©FAO/Mazen Haffar/Syrian Arab Republic

FAO and the Government of Kuwait support more than 1 500 herders in Hama Governorate with access to a sustainable source of fodder and water for their livestock

02/07/2021

As a result of more than ten years of crisis in the Syrian Arab Republic, the ability of livestock herders in Hama Governorate to access fodder and water for their livestock became severely restricted. Consequently, many livestock herders had to sell their livestock assets and search for alternative livelihood opportunities.  

To enable livestock herders to restore their main source of livelihood, FAO and the General Commission for Al Badia, with the support of the Government of the State Kuwait, have rehabilitated Wadi Al Azeeb nursery in Al-Badia, Hama Governorate. The two-hectare nursery, which was damaged during the crisis, is an essential facility for supporting fodder production in the region. Thanks to the generous support of the Government of Kuwait, the nursery is now operational and new approaches are being used to ensure more efficient production.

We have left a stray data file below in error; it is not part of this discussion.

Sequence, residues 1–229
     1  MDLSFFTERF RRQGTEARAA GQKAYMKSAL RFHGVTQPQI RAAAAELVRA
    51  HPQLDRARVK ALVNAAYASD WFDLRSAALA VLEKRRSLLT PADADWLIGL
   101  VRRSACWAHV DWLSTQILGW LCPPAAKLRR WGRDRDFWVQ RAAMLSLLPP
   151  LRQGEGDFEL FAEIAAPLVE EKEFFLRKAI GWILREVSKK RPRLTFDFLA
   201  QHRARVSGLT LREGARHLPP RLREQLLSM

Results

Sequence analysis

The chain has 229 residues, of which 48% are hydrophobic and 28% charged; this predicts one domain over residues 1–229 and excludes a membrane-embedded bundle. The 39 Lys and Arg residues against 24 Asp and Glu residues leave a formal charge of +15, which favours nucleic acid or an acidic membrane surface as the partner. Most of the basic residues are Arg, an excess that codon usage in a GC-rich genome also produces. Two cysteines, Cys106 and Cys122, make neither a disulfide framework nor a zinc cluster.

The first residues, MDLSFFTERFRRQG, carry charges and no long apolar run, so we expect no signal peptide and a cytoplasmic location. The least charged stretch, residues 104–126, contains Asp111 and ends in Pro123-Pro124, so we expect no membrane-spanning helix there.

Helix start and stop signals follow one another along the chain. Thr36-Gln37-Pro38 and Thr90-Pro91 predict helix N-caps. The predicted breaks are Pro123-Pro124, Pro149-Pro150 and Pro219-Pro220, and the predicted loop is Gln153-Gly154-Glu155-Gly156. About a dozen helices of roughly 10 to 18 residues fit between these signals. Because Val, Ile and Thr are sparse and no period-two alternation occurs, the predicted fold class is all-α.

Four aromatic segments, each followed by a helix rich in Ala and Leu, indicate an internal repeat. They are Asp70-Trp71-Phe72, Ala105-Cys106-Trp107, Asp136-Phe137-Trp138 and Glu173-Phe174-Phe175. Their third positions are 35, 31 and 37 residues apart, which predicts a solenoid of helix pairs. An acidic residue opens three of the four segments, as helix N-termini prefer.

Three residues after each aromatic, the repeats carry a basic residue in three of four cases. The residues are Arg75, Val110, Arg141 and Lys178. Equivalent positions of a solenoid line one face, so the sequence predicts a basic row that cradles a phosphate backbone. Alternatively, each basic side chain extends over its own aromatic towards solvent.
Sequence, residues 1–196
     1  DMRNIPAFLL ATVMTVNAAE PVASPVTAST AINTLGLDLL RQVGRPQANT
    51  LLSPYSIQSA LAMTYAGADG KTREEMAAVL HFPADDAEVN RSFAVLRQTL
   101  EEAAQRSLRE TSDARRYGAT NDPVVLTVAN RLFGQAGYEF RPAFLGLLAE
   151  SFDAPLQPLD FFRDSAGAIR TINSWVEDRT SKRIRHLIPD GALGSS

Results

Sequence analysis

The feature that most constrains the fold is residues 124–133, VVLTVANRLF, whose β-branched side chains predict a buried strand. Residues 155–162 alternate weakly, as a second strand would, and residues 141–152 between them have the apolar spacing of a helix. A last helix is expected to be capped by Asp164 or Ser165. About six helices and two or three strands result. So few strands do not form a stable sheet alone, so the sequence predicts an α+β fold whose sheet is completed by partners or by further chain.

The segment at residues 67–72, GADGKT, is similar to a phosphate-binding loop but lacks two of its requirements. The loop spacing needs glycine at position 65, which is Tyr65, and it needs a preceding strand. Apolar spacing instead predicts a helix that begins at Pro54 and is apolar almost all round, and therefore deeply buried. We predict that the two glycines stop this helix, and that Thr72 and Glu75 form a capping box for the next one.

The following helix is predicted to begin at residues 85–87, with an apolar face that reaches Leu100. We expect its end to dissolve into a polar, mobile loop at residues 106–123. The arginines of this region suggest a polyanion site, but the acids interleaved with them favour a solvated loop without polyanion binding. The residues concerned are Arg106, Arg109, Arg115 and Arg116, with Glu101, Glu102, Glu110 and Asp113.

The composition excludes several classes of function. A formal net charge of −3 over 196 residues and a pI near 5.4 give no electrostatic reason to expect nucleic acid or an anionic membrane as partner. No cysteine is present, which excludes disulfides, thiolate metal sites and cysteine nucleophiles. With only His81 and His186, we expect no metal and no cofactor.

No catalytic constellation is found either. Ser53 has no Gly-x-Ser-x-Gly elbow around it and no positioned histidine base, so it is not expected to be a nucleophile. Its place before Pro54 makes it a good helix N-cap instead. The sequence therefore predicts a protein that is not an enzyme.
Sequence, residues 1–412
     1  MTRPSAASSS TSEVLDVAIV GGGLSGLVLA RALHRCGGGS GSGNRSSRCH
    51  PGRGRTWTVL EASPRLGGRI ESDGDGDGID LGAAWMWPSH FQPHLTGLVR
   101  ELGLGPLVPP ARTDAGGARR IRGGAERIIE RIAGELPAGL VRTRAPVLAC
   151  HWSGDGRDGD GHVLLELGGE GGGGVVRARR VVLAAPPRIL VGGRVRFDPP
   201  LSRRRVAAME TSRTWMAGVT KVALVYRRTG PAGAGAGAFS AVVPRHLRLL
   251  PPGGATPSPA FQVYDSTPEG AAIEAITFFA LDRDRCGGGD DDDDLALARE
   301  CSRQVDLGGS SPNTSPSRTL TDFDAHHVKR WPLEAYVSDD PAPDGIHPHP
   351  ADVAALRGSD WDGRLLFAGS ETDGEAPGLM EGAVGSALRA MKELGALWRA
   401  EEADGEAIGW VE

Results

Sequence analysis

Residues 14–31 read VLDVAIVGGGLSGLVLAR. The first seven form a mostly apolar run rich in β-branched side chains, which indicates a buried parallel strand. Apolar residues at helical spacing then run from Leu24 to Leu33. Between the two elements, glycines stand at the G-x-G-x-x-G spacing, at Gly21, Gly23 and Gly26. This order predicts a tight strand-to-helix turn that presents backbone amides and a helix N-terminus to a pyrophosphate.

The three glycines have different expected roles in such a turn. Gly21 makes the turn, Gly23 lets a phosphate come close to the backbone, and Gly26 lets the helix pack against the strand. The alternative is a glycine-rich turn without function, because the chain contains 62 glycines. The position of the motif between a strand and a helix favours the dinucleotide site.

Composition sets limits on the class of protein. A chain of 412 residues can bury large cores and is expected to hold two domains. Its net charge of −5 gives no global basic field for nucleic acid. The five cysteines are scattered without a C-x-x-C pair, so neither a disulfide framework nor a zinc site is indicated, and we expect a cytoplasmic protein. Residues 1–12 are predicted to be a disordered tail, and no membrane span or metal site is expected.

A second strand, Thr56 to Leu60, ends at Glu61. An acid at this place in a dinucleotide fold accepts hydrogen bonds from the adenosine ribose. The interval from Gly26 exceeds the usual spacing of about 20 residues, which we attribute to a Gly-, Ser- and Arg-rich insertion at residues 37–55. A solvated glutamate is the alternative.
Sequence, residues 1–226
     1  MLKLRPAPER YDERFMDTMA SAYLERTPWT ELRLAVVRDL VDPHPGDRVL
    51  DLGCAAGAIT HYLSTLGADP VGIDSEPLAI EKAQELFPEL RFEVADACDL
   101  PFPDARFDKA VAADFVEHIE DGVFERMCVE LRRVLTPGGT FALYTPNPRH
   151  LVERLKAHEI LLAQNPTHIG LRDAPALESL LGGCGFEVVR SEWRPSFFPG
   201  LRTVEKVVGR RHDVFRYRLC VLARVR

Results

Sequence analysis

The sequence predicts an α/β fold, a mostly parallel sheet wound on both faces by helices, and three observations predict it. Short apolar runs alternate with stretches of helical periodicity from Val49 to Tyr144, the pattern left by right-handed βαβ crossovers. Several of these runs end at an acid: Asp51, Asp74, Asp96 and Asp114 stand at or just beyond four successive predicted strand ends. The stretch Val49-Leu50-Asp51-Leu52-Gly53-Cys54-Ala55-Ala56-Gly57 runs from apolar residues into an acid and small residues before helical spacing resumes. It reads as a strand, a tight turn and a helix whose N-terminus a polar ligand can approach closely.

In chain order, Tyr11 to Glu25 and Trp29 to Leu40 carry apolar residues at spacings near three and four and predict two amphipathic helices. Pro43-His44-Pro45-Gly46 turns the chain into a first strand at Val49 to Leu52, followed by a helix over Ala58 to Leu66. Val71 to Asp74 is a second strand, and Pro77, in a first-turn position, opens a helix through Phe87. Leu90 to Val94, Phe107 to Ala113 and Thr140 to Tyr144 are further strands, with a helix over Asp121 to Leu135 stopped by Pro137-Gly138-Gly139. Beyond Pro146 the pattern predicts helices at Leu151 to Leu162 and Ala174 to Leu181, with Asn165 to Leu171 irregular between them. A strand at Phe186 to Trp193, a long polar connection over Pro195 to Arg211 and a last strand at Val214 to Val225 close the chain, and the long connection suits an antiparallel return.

This nursery will support more than 1 500 herders with a sustainable source of fodder and water for their animals, it will also create employment opportunities for up to 40 workers from the local community.” said Mike Robson, FAO Representative in the Syrian Arab Republic.

The intervention included the reconstruction of a sun sheet for seed drying, the construction of two water tanks and the installation of irrigation sprayers for saplings. Furthermore, the main water well has been restored; concrete pathways have been laid down to help workers move easily without damaging the saplings; the irrigation sprayers will operate automatically based on a programmed irrigation schedule to rationalise the use of water resources; and the perimeter fence and canals were maintained to provide drinking water for the animals in the surrounding area.

As a result of the intervention, Wadi Al Azeeb nursery will produce up to 1.6 million plants per year. The expected production in the first year of operation will reach approximately 300 000 plants, which is enough to plant 750 hectares of grazing reserve in the surrounding area.